Monday, February 25, 2013

The Rape of Truth


My dad and I were watching a documentary about the Second World War. They often came on T.V. on Sunday afternoons when I was young. That afternoon it was a program about a military campaign by the allies which emphasized the role of the United States. My dad became very angry. He turned the T.V. off and said, "They weren't even there!"

I was quite young but remember being shocked. How could they make a documentary about an event and not get the facts straight? I was too naive to realize the errors had been intentional. It was my first encounter with the reality that often entertainment trumps truth.

We've just seen another example of it. Last night Argo won the Academy Award for best picture. After reading this article http://www.cbc.ca/news/arts/story/2013/02/23/argo-taylor-oscars.html  I was once again shocked and angered at what had been done to re-invent history.

Some will say it's just a movie. Some will say it's just entertainment, so who cares? I do and I think others should too. This film was purported to be a "true story." It was not. I'm a big fan of movies and of books. I love story. But when story is purported to be truth its creators have a responsibility to make sure it is. It's obvious the creators of Argo didn't care about truth. The inaccuracies weren't innocent mistakes. They twisted the truth to satisfy their own needs. They knew the truth but chose to ignore it.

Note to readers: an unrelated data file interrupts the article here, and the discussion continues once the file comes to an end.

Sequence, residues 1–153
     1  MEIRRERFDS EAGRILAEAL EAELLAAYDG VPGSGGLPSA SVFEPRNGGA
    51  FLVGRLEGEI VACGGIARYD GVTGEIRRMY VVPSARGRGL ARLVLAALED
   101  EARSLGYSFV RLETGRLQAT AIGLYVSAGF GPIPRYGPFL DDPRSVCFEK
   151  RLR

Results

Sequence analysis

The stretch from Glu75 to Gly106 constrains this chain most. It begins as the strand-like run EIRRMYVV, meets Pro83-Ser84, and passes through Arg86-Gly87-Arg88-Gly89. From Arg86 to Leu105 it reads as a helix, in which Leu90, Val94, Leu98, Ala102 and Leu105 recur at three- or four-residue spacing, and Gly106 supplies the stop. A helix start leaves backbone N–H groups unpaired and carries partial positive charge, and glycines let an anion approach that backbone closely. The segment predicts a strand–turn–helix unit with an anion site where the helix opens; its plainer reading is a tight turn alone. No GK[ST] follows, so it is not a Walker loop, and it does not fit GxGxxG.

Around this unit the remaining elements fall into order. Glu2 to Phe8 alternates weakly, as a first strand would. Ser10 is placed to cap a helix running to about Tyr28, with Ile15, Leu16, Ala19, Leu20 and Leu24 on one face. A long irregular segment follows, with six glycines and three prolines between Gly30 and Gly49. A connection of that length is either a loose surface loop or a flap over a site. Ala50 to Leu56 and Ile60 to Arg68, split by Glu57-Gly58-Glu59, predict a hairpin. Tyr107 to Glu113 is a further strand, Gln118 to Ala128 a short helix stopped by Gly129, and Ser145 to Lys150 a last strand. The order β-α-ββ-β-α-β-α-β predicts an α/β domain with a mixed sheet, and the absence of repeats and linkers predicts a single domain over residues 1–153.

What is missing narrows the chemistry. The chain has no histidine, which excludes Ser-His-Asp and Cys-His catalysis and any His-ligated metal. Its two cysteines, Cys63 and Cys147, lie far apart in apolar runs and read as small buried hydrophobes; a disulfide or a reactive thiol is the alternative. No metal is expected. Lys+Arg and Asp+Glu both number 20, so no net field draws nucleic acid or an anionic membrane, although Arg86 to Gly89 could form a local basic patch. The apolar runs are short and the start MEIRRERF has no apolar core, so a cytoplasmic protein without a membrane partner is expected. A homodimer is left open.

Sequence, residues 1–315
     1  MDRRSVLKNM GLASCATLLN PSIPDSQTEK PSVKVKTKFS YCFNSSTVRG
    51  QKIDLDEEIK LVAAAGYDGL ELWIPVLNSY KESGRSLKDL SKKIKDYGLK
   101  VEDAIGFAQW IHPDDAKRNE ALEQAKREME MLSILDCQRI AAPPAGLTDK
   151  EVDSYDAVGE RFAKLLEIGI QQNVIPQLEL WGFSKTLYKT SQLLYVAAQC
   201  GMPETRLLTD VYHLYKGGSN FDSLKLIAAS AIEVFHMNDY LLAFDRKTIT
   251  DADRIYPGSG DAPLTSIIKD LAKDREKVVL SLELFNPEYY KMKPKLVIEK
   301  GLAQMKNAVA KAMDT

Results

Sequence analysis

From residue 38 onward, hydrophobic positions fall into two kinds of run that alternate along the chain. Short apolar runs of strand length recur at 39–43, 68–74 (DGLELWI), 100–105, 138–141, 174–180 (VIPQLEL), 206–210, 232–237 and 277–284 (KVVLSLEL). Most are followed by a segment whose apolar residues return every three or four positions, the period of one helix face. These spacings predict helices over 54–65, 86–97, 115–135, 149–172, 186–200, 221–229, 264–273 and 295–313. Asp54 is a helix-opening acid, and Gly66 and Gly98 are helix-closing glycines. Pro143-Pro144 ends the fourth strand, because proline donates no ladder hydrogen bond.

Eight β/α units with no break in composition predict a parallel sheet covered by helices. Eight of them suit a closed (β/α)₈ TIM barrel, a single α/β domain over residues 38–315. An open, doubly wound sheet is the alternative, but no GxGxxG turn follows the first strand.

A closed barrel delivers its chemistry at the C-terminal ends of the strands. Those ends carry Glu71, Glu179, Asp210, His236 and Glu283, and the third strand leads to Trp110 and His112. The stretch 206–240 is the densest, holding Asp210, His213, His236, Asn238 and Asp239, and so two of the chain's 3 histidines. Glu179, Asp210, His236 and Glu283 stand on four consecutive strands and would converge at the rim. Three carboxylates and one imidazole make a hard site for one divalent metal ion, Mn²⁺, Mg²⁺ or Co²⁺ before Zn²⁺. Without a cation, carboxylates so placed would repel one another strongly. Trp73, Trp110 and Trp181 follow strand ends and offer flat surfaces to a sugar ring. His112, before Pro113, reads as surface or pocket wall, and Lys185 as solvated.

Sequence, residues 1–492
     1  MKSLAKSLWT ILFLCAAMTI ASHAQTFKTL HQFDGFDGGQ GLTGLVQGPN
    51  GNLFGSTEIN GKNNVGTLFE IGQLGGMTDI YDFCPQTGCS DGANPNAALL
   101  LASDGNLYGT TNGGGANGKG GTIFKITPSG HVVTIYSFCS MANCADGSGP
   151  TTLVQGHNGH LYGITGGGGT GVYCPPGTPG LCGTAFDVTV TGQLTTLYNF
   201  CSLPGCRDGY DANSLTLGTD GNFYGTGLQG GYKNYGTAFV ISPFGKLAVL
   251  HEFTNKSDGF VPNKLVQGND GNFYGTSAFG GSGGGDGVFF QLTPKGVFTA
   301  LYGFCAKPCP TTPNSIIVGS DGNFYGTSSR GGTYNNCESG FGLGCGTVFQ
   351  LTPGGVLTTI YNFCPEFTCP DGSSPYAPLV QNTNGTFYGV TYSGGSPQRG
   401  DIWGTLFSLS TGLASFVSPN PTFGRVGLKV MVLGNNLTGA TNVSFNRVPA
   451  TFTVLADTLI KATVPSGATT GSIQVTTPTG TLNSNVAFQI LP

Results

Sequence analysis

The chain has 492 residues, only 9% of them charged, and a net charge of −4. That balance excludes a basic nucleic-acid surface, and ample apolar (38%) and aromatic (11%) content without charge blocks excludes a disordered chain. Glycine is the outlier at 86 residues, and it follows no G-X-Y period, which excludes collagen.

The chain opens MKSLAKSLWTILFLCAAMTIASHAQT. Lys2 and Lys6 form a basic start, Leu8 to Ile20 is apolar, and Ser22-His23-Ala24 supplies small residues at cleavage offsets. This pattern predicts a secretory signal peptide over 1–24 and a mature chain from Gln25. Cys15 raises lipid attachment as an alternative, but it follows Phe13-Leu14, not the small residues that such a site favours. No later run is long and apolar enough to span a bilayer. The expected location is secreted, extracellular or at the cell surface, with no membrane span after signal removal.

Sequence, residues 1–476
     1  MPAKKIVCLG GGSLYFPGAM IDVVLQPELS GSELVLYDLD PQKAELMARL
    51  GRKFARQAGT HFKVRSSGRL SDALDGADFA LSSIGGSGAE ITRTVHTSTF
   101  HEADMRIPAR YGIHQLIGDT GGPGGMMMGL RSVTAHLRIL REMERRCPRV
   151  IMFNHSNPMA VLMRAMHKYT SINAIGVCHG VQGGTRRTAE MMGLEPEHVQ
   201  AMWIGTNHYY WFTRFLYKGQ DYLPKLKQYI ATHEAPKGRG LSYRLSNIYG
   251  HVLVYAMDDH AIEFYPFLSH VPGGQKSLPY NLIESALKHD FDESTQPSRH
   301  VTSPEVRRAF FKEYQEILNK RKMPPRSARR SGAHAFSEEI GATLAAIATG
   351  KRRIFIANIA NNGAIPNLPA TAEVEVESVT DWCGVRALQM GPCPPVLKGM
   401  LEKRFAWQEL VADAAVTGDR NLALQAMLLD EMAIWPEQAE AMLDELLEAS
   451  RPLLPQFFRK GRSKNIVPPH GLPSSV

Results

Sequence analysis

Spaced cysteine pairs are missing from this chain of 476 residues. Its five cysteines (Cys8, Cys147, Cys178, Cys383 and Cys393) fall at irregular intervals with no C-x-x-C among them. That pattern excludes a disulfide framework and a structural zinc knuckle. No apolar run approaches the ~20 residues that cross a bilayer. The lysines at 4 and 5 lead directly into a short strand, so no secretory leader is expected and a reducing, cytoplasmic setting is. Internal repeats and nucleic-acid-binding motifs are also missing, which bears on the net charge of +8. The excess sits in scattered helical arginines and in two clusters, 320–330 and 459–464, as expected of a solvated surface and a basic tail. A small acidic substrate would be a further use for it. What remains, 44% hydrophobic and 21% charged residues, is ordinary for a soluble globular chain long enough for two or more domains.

It's a type of rape - the bully inserts himself into history and leaves it distorted and tainted. Truth is ravaged. So are those whose lives were affected by the real story. When creative people choose to use a real event to create art, they have a responsibility to those who lived it and to those who will be the audience. The creators of Argo failed those people and they failed us, their audience.

I'm glad Ken Taylor, ambassador to Iran at the time of this incident, spoke out about the film. The American's own past president, Jimmy Carter also did, to his credit. The film's star, director and co-producer, Ben Affleck allowed Mr. Taylor to change the postscript to the film, (after an outcry when it was aired at the Toronto film festival), and he acknowledged the Canadians in his acceptance speech, but that does not change the fact that the film is inaccurate.

That Oscar is tarnished. Those involved in the production of Argo should be ashamed. So should we, for supporting it.

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